The new syllabus isn’t easy to load, so I’m going to try to paste it here:
- This course follows the argument that there is so much great American literature, even if we merely accept the synecdoche that American literature is written by or for U.S. citizens that we will not be able to survey all of them and have fun conversations about literature and have lives. We are, instead, exploring great works of American literature that give us an opportunity to explore and reflect on the “literaturization” of American experience and national aesthetics.
- Capacity to read interpretively in order to attend to imaginative claims on “America,” and over what it means to be a person in several literary genres over different periods of United States literature.
- Knowledge of rhetorical conventions (e.g., voice, tone, figures of speech, narration) for thinking about literature in a few genres.
- Familiarity with some conventional disciplinary language from literary studies and its use to think about how texts work.
- Uses of reading, discussion, informal writing, and out-of-class essay writing as opportunities to discover one’s own interpretive ideas in conversation with the ideas of others.
- Produce critical and creative compositions.
- Communicate complex ideas to a public audience.
|W 1/31||The Invitation: Syllabus and Trickster tale|
|Homework:||Comp book, journal about breathing, read Whitman|
|W 2/7||Song of Myself and Intro to Leaves of Grass|
|Homework: Exquisite Corpse Revision|
|W 2/14||Emerson, “Nature,” and “Experience.” Share 3 annotations, journal reading reflections.|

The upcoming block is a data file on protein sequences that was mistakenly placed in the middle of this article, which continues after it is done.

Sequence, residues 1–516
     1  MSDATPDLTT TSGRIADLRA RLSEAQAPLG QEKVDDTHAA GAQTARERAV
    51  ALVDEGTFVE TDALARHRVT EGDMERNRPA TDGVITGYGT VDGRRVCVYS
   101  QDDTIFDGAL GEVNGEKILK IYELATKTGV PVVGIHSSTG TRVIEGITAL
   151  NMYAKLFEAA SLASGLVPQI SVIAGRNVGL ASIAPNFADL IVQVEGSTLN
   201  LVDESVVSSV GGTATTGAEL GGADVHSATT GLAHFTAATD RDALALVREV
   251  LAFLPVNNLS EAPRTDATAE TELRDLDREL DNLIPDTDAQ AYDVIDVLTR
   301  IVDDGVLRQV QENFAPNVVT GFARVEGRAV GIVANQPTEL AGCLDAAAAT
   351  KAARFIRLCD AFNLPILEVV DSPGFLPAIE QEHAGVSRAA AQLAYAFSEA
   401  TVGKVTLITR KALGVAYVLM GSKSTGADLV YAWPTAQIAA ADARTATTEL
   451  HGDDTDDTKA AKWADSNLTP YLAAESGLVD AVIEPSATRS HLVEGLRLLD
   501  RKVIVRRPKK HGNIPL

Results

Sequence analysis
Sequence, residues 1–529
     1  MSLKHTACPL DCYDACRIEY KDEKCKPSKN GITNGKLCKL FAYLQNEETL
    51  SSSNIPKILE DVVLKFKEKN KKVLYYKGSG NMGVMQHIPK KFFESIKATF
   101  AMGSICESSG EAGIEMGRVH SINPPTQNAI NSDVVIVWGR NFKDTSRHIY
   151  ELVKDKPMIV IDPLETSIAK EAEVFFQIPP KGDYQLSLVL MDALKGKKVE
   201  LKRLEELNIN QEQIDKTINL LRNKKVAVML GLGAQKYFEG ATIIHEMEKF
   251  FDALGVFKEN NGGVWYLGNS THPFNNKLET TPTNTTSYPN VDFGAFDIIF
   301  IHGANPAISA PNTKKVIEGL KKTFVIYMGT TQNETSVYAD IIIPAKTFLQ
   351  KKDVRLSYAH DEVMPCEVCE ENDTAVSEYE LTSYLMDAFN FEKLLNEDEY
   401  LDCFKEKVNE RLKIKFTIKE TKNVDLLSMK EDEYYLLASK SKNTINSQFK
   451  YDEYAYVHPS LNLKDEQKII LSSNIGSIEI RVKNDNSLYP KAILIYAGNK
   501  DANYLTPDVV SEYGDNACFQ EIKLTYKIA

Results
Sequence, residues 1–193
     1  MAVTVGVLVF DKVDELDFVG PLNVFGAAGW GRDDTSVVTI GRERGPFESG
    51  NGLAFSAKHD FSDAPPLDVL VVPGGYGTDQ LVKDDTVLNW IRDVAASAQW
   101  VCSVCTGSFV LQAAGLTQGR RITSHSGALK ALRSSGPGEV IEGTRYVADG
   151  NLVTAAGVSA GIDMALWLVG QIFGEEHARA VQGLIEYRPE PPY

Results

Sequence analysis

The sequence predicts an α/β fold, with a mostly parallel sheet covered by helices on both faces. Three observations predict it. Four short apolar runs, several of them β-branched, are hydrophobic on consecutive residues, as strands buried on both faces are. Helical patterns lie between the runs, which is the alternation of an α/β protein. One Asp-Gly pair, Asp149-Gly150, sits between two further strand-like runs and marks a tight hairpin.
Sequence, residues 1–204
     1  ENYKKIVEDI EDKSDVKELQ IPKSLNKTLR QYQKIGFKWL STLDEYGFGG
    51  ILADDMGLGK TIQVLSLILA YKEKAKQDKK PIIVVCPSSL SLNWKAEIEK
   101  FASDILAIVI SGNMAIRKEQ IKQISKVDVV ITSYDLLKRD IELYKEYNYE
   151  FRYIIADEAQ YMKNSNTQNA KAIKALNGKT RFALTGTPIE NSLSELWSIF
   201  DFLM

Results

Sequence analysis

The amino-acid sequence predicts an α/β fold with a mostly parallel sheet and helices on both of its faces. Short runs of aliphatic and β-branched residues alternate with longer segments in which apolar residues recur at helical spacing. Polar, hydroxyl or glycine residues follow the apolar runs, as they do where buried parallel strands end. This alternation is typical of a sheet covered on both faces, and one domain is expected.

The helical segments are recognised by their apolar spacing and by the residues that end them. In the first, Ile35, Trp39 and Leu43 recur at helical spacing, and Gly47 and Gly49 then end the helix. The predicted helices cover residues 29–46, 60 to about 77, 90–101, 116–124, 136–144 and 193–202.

|Homework: Image collection and comments|
|W 2/21||Black Elk Speaks. Hand in Comp Books.|
|Homework: Continue class exercise in journal.|
|W 2/28||Black Elk Speaks|
|Homework: Images and connections journal entry|
|W 3/7||Black Elk Speaks|
|Homework: Synthesis journal entry|
|W 3/14||William Carlos Williams and American Moderns, annotation exercise.|
|Homework: poetry exercise, paste in journal.|
|W 3/21||Class Cancelled: Snow Day|
|Homework: Annotations in Howl book.|
|W 3/28||Howl and Supermarket in California. In-class reading includes “Crossing Brooklyn Ferry,” some excerpts by William Carlos Williams, and “Thirteen Ways of Looking at a Blackbird.”|
|Homework: flesh out annotations into a page of notes and reflections, following this general model:
“Pg. (#) intriguing. Lots of imagery. There’s a fullness here, like the poet is overwhelming my senses, and it mixes gross and appealing images. Seems ironic that he’s praising both.”
On another page, reflect on an aspect of “Howl” or “Supermarket in California.” Include details and analysis of the text as well as some reflection on how your background knowledge and experience, or lack of it, are brought to bear on what you notice and how you interpret Ginsberg’s poem.
|SPRING BREAK – NO CLASS 4/4||
Finish midterm zine and submit in next class.
Complete essay on Black Elk Speaks and submit by April 11th at 9:30pm.
|NO CLASS W 4/11 – classes on F sched.||Read “Bartleby the Scrivener” in preparation for our next class, held Wednesday April 18th.
Journal entry: in your composition book, draw a portrait of the two central characters in “Bartleby the Scrivener,” and draw an “anatomy” of their character, pointing out two or three of their characteristics. Example.
|W 4/18||In class with rhetorical analysis:
Ralph Waldo Ellison, “Living with Music.”
|Homework: journal writing.|
|W 5/2||Beloved. Hand in comp books.|
|Homework: Images and reflections|
|W 5/16||Final project zine due by 11:59pm|
|Final Exams 5/17-5/24|